The graphics were almost too much to bear at first, but after about 30 minutes, I was at peace with the muddy resolution.  The graphics/art actually remind me of Ultima Online.  Which is both good and bad. 

Gorion died (spoiler alert!) and then Imoen found me in the forest and she was a welcome addition to my party because I had 6 hit points and could (and did) die in one hit to random assassins that accost me at every inn I happen to grace with my patronage.
 
Also, as an aside, I can't even fucking believe ADnD mages start with 1 fucking spell.  Insane. In fights, I basically cast sleep, hope it lands, then chuck darts for all I'm worth.  If this game divvies up experience based on damage dealt/last hit then my mage is fucked.

Anyway, made my way to the Friendly Arm Inn, met up with a fighter/druid and a fighter (Gorion's buds) and then journeyed south to Naskel to figure out what's up with the iron shortage.  I'm level 2 now and can cast 2 spells.  I'M A GOD.
Sheepherder
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Reply #50 on: November 26, 2010, 12:30:20 PM

If this game divvies up experience based on damage dealt/last hit then my mage is fucked.

 Ohhhhh, I see.

Shadow Keeper time.

(You're using the BGII engine, right?)
dusematic
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Reply #51 on: November 27, 2010, 01:02:26 PM

Neg, keeping it real.
trias_e
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Reply #52 on: November 27, 2010, 06:51:23 PM

XP should be split evenly amongst your party I thought.  #1 thing about BG1 to make it immensely easier:  Use ranged weapons on everyone.

As for the resolution.  Is the widescreen mod installed?  http://www.gibberlings3.net/widescreen/

I'm playing through BG1 again as well...and to be honest it might as well be for the first time.  The last time I played this game was probably 12 years ago.  Chaotic Neutral dwarven cleric.  He'll be a little bit loony.
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Reply #53 on: November 27, 2010, 11:36:35 PM

AD&D mages until they get fireball are just an investment by the rest of the party.  Ohhhhh, I see.
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Reply #54 on: November 28, 2010, 12:20:44 AM

Even with the limited options of a video game, there's a lot better things for a mage to do in nearly all situations than to waste their spell slots on something like Fireball.  If AoE damage is important, wands are the way to go about it, in general.

One of the most fun tactical challenges that series presents is playing a solo mage from beginning to end.  Especially if you do it with the original xp limits in place, so you can't get higher level than the game allows in each segment (so no ToB powers in BG2, for instance).

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Reply #55 on: November 29, 2010, 08:06:25 PM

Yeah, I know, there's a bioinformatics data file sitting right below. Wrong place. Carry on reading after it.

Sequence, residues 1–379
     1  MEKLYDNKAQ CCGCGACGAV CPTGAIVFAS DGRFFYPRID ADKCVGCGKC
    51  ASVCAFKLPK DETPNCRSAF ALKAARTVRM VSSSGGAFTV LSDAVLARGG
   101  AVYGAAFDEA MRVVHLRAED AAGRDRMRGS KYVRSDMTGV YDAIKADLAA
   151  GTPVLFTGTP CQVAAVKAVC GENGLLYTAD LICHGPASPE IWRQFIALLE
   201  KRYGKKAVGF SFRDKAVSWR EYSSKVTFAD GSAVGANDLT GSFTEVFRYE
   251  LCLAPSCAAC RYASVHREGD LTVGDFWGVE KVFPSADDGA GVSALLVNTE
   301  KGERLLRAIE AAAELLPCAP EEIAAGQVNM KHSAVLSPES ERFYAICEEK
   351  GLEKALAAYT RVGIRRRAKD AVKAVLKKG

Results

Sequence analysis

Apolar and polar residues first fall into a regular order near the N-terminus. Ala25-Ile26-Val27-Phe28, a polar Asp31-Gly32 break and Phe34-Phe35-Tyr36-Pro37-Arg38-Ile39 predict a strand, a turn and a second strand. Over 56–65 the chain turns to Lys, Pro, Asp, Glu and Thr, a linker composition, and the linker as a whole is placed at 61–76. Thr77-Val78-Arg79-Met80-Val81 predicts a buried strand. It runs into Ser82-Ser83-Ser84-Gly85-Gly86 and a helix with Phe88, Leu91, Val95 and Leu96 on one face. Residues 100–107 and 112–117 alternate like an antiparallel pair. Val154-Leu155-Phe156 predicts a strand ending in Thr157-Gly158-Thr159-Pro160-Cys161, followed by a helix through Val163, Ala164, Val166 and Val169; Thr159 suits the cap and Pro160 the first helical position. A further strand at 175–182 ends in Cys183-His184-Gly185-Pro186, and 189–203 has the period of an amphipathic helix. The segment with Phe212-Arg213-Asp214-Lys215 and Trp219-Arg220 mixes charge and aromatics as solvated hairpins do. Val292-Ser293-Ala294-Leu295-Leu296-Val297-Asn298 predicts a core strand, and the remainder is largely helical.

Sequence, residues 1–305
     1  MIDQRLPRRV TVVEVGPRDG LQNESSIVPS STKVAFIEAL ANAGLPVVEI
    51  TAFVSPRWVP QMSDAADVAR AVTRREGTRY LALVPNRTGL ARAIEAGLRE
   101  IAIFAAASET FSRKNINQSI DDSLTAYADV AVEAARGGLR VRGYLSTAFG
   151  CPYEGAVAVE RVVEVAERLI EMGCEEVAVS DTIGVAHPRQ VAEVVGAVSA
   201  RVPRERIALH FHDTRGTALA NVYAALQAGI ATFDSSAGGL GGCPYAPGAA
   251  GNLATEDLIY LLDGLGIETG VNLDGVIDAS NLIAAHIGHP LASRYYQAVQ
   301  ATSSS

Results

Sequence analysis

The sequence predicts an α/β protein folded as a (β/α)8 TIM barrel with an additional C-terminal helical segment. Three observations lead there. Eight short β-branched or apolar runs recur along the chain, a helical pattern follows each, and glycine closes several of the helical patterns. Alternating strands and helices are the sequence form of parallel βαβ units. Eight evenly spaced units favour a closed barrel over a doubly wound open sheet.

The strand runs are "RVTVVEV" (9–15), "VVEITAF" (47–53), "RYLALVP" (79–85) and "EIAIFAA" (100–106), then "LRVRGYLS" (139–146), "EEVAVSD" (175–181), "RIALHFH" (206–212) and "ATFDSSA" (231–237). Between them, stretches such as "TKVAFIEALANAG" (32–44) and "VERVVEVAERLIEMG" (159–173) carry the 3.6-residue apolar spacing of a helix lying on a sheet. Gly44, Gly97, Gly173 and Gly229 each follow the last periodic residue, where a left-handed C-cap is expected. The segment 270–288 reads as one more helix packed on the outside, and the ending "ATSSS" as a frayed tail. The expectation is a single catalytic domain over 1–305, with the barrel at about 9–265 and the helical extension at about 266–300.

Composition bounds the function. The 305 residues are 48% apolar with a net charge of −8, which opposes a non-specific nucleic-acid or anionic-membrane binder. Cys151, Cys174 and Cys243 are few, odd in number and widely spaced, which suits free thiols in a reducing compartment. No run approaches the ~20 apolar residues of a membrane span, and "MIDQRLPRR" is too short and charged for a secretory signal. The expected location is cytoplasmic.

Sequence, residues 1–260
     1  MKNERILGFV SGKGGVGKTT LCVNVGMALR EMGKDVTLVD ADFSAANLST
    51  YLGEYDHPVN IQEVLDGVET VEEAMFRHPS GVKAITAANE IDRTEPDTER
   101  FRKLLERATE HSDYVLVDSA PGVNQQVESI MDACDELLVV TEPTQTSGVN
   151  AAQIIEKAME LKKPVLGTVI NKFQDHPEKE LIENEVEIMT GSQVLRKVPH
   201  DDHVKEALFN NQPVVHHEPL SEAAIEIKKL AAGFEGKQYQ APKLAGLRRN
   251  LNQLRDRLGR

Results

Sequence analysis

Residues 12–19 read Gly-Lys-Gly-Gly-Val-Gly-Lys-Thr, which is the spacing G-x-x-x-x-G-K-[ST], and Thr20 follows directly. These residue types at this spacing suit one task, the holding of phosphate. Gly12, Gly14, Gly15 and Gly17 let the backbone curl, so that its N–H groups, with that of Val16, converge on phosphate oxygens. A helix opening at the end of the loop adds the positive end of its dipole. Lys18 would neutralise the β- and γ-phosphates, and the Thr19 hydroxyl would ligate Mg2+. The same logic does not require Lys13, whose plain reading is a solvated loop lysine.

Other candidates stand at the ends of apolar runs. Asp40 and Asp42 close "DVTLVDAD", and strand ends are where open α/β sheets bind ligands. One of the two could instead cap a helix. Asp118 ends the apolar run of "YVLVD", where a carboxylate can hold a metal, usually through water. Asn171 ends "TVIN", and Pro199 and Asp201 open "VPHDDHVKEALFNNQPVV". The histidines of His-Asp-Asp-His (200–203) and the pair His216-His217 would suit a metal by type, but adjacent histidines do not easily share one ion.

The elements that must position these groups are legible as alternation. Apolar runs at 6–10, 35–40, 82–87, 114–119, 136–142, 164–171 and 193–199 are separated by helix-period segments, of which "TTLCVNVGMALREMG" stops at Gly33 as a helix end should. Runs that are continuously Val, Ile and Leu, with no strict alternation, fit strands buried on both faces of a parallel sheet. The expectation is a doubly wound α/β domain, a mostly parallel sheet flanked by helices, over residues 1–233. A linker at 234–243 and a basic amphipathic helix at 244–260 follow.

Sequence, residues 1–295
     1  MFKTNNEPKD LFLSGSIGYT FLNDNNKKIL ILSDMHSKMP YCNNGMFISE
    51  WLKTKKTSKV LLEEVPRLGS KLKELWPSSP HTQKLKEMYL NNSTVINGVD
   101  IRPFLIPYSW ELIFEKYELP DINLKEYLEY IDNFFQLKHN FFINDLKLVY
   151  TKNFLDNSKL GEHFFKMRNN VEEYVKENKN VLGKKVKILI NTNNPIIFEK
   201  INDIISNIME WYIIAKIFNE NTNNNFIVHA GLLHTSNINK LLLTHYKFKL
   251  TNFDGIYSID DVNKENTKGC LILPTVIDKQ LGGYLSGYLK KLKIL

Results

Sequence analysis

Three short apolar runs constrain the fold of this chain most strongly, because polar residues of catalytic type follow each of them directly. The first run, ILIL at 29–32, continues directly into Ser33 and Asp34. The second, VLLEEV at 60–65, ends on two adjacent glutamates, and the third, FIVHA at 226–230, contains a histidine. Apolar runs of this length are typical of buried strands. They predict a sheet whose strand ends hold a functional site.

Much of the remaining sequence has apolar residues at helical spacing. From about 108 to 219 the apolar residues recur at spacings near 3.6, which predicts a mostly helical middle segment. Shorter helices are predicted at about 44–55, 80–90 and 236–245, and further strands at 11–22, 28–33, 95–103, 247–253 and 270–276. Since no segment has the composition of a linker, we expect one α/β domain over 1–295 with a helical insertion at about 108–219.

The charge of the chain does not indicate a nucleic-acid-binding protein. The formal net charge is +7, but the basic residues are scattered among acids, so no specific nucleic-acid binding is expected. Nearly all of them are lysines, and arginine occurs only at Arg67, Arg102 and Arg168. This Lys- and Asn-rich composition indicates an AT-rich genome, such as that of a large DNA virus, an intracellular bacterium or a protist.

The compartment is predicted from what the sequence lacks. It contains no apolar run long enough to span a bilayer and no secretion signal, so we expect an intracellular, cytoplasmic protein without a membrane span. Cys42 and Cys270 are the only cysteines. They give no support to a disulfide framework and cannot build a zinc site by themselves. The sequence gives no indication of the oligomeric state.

XP is evenly divided in BG, no fear about that.

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Muffled
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Reply #56 on: November 30, 2010, 01:03:10 AM

Even with the limited options of a video game, there's a lot better things for a mage to do in nearly all situations than to waste their spell slots on something like Fireball. 
etc...

Wands (or most magic items really) were extremely rare in the campaigns I played, I wasn't talking about Baldur's Gate particularly.

Sheepherder
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Reply #57 on: November 30, 2010, 02:45:53 PM

XP is evenly divided in BG, no fear about that.

...But the amount required for a level varies with each class, with mage leveling the slowest, and hitting the experience cap at a lower level than everyone else.  I remembered there was something godawfully punitive about the way they handled mages, just took a while to recall.
« Last Edit: November 30, 2010, 02:50:57 PM by Sheepherder »
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Reply #58 on: November 30, 2010, 02:47:35 PM

At first. They accelerate past some of the other classes through the middle levels. There's not a lot of rhyme or reason to 1/2e AD&D leveling.

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Sheepherder
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Reply #59 on: November 30, 2010, 02:52:14 PM

Ranger and Paladin.

I dug out a FAQ.  God that shit is messed.
Goreschach
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Reply #60 on: November 30, 2010, 03:29:21 PM

Nothing compared to druids. They level insanely fast at first and then just... stop.
dusematic
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Reply #61 on: December 01, 2010, 01:12:38 PM

I kind of dug the asymmetrical nature of AD&D.  The nature of DnD is that is doesn't require the kind of fine-tuned balance other games might.  There's a fucking DM who is supposed to calibrate encounters.  All that is required is that each class have a sufficient draw so that people will find it interesting to play.  Once you start balancing with a fine-toothed comb things can get "samey" in a hurry.
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Reply #62 on: December 01, 2010, 02:07:14 PM

I kind of dug the asymmetrical nature of AD&D.  The nature of DnD is that is doesn't require the kind of fine-tuned balance other games might.  There's a fucking DM who is supposed to calibrate encounters.  All that is required is that each class have a sufficient draw so that people will find it interesting to play.  Once you start balancing with a fine-toothed comb things can get "samey" in a hurry.